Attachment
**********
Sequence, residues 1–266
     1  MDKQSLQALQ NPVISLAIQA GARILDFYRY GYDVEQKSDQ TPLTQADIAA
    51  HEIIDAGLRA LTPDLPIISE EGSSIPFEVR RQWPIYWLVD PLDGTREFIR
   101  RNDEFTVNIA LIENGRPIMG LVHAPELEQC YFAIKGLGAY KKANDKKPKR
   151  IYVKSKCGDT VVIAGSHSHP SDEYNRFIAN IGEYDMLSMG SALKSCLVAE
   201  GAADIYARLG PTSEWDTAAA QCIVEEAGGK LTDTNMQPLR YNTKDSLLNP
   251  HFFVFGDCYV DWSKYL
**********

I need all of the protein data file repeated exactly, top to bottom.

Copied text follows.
Sequence, residues 1–266
     1  MDKQSLQALQ NPVISLAIQA GARILDFYRY GYDVEQKSDQ TPLTQADIAA
    51  HEIIDAGLRA LTPDLPIISE EGSSIPFEVR RQWPIYWLVD PLDGTREFIR
   101  RNDEFTVNIA LIENGRPIMG LVHAPELEQC YFAIKGLGAY KKANDKKPKR
   151  IYVKSKCGDT VVIAGSHSHP SDEYNRFIAN IGEYDMLSMG SALKSCLVAE
   201  GAADIYARLG PTSEWDTAAA QCIVEEAGGK LTDTNMQPLR YNTKDSLLNP
   251  HFFVFGDCYV DWSKYL